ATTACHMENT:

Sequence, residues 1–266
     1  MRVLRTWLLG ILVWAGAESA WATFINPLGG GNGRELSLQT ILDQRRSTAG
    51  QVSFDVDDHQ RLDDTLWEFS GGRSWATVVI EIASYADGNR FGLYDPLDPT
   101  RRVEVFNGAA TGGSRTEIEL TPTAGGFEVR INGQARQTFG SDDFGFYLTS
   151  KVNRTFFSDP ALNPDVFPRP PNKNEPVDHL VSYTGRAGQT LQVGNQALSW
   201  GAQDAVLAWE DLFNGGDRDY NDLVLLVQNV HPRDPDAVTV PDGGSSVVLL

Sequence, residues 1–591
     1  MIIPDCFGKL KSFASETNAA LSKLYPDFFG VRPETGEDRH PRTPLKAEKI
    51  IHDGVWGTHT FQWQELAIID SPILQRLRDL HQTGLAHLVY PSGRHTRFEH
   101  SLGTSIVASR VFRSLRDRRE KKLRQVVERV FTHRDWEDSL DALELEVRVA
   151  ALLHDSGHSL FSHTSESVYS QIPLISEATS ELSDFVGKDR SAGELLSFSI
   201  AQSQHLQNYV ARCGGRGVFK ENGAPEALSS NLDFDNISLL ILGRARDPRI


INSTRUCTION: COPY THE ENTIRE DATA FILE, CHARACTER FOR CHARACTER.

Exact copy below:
Sequence, residues 1–266
     1  MRVLRTWLLG ILVWAGAESA WATFINPLGG GNGRELSLQT ILDQRRSTAG
    51  QVSFDVDDHQ RLDDTLWEFS GGRSWATVVI EIASYADGNR FGLYDPLDPT
   101  RRVEVFNGAA TGGSRTEIEL TPTAGGFEVR INGQARQTFG SDDFGFYLTS
   151  KVNRTFFSDP ALNPDVFPRP PNKNEPVDHL VSYTGRAGQT LQVGNQALSW
   201  GAQDAVLAWE DLFNGGDRDY NDLVLLVQNV HPRDPDAVTV PDGGSSVVLL

Sequence, residues 1–591
     1  MIIPDCFGKL KSFASETNAA LSKLYPDFFG VRPETGEDRH PRTPLKAEKI
    51  IHDGVWGTHT FQWQELAIID SPILQRLRDL HQTGLAHLVY PSGRHTRFEH
   101  SLGTSIVASR VFRSLRDRRE KKLRQVVERV FTHRDWEDSL DALELEVRVA
   151  ALLHDSGHSL FSHTSESVYS QIPLISEATS ELSDFVGKDR SAGELLSFSI
   201  AQSQHLQNYV ARCGGRGVFK ENGAPEALSS NLDFDNISLL ILGRARDPRI